Here is yet another list of free games considered awesome by the majority of this blog’s writers (me). As you can see, my taste in games is quite retro.
Cave Story (D?kutsu monogatari, ????)
Try if you like: Megaman 2, Metroid – any good NES game that defined your childhood
Here is a game that is on every free games list and for a reason. Cave Story feels and looks like a NES game that was updated for a SNES release. The graphics are simple and sometimes blocky – but intentionally so. Similarly, the music is something you would hear in a NES game. In a good NES game. I still find myself humming the catchy tunes even though I finished the game a while ago.
The basic game is about making a little guy run, jump and shoot. There are a variety of weapons, some weapon choices even alter the game story. There even is simple leveling up, some enemies drop crystals that make your current weapon more powerful.
Best of all, there clearly has been huge effort in making the game more than a retro run-and-gun game. There actually is a good, long story about cute creatures that need your help. The levels are huge and varied: there even is a side-scrolling level. Another level twists the standard game mechanics as you need to negotiate a flooded area with vortices that usually pull you into unsurprisingly lethal spikes.
There also are memorable boss fights including one with a boss larger than the screen. Now that I mentioned it, the game is simply memorable. There are too many things to tell about this game. Too bad the game is free because it clearly is worth money.
The game is available at least for PC, Mac and GP2X.
- Cave Story Deluxe Pack (you’ll want to download this – includes an English translation and the awesome soundtrack)
- Cave Story tribute site
Try if you like: SimCity and other building games, trains in general
Transport Tycoon probably is the game that I have spent the most time with, ever. It’s basically about tiny trains hauling things from A to B, then hauling things from B to C.
Sounds boring. Why is it so awesome?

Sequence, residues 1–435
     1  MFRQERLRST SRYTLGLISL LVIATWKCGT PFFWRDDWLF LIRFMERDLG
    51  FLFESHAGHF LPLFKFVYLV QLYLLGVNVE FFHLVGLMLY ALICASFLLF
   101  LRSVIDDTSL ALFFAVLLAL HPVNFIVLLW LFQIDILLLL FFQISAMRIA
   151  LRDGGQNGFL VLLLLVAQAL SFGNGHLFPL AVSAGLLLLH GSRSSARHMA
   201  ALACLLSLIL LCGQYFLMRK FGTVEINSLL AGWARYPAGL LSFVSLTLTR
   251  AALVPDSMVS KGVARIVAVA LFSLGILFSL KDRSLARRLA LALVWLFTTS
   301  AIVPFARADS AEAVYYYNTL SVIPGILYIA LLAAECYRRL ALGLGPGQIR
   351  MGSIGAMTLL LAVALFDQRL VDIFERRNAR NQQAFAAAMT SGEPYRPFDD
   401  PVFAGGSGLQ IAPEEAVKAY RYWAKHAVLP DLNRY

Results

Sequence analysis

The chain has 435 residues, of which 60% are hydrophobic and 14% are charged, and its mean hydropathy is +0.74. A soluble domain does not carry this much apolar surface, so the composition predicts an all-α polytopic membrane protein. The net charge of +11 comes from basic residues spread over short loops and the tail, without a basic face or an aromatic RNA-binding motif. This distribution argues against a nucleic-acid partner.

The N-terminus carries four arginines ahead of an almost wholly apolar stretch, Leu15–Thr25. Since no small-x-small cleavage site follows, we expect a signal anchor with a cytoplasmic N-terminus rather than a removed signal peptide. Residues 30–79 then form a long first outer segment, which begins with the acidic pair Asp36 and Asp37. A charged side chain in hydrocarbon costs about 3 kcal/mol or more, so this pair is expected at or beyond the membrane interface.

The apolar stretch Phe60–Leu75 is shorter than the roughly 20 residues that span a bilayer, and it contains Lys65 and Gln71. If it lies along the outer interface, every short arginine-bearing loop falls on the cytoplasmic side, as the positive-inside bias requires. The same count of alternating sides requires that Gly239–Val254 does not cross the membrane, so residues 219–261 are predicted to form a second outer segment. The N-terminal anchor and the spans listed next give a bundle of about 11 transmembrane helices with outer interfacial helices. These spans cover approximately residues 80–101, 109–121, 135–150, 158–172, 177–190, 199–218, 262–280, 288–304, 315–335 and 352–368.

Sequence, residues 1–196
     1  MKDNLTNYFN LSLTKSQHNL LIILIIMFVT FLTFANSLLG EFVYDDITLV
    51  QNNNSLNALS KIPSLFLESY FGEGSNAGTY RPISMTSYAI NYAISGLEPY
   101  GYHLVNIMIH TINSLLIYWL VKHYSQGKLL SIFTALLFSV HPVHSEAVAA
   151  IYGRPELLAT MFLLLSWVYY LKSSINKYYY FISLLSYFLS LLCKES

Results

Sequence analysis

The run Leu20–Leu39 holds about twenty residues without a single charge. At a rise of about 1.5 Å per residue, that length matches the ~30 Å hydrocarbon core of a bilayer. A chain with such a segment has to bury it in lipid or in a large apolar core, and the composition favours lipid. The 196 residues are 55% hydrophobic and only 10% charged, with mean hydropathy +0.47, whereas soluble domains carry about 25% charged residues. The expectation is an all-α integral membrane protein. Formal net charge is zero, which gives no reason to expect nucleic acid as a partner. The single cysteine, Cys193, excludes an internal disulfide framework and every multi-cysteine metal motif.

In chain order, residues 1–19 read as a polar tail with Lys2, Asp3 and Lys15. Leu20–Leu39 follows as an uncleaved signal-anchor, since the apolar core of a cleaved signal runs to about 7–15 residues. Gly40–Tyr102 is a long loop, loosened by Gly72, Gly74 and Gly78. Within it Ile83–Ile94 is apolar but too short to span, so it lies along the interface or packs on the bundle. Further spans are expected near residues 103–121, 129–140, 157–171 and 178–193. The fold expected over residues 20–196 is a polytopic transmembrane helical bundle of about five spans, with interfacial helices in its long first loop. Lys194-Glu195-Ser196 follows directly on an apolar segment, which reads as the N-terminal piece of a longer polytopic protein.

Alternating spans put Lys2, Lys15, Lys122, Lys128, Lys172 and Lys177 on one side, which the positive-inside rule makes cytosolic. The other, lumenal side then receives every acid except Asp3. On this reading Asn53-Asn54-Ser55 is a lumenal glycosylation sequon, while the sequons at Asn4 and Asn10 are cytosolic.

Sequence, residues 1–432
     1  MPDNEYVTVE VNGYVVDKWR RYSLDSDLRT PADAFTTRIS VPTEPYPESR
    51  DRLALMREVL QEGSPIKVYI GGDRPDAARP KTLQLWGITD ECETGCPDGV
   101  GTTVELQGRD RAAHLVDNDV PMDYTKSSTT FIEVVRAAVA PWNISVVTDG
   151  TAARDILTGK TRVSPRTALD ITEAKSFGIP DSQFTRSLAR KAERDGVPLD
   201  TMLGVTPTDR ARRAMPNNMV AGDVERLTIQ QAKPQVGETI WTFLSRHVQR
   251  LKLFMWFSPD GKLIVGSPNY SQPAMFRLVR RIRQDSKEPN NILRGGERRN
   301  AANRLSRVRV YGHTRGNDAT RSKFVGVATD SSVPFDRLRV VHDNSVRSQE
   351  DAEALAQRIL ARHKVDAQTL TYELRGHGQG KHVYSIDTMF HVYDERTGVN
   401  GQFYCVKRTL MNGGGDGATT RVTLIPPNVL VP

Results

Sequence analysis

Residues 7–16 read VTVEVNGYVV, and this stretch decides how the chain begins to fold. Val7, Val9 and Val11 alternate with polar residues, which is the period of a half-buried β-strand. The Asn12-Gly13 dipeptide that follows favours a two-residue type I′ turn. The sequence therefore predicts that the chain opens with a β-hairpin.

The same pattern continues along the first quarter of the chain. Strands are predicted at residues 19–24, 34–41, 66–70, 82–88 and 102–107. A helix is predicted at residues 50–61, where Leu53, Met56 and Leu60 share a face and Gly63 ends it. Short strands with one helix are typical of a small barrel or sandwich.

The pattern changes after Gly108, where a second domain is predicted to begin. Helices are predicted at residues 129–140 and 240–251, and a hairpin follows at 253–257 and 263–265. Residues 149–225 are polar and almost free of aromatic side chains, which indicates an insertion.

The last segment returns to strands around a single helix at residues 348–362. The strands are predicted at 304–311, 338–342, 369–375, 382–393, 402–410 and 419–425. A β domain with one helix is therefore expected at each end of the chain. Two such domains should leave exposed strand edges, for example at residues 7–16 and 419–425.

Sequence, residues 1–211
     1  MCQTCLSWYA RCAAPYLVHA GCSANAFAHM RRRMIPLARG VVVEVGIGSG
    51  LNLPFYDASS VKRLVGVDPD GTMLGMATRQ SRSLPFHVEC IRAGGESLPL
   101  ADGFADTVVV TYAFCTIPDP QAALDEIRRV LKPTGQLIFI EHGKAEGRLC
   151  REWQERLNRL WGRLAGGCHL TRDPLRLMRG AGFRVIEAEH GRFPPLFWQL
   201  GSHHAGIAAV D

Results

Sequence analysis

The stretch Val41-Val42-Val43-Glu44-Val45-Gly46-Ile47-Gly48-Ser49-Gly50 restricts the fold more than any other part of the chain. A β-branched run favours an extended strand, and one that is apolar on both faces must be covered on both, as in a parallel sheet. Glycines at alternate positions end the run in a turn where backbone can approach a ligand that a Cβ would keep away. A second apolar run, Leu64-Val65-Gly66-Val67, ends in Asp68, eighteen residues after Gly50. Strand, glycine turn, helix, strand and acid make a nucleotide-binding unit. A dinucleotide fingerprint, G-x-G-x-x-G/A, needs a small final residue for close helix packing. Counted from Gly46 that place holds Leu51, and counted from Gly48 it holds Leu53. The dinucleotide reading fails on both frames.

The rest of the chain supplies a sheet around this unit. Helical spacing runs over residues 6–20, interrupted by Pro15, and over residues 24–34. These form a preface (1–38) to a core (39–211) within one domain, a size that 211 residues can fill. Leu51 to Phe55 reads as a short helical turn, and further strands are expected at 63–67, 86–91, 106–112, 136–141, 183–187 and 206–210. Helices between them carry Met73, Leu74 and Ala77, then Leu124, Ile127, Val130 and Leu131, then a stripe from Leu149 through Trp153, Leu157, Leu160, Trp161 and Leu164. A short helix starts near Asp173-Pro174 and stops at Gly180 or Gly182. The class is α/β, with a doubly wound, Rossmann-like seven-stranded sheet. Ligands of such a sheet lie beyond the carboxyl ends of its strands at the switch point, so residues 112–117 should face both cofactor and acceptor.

Because there is a ton of things to try to make your transport empire make more money. You could build a simple track from place A to B and then another track from C to D. But if you’re smart, you’ll build a whole railway system and connect satellite stations to it – just like it is done in the real world. Then, to make trains smarter, you’ll add signals, build more efficient stations and update your old routes to monorails and so on.
I think the defining factor that makes OpenTTD so fun is that it is actually you who builds all these things. For example, in some other simple game you could select between a few station types – each with their own cost and efficiency. In OpenTTD, you have exactly one station type. What makes a station efficient is how you connect the rails to it, how many platforms it has and do slower trains clog up the whole system. To give some perspective, here is the game manual on stations.
There also are airplanes, ships and trucks but they’re rubbish.
OpenTTD is ported on many systems as it is open source. There even is a Nintendo DS port.
- OpenTTD.org download the game here
Rated: TOOT TOOT
The Ur-Quan Masters (aka. Star Control 2)
Try if you like: Any scifi game
Star Control 2 is probably one of the most loved games from the early 1990s. It combines exactly right amounts of adventure, action, exploration and humor. The game is about you, the spaceship captain, trying to free Earth and the known universe from the Ur-Quan (tentacled slavemasters).
The gameplay consists of a top-down view of your ship. The ship is controlled by rotating and thrusting – nothing new since Spacewar or Asteroids. The controls remain the same whether the ship was in hyperspace, traveling for hundreds of light years, and during close encounters with enemies, i.e. dogfighting to death while orbiting a planet.
When your ship is in hyperspace, you can travel between stars. Every star has planets orbiting it, most of the game features you launching an exploratory ship down on the planets and collecting minerals and biological samples. The things you find act as money: at Earth you can trade minerals and other stuff to fuel, technology, crew and fighters. The biological samples can be traded for new technology when you come across a certain alien race.
Some stars are the homeworlds of alien races – some friendly, some less friendly. When meeting an alien, you will converse with them using different bits of dialogue, similarly to most adventure games in general. You will often get information where to find more alien races and sometimes you’ll get a quest to complete. Sometimes, you’ll be able to avoid battles if you are smart when conversing with the aliens. It is during these encounters you will get the most laughs.
The presentation is nothing short of awesome. Every race you meet has its own theme music, animated graphics, voice acting and even font for the captions.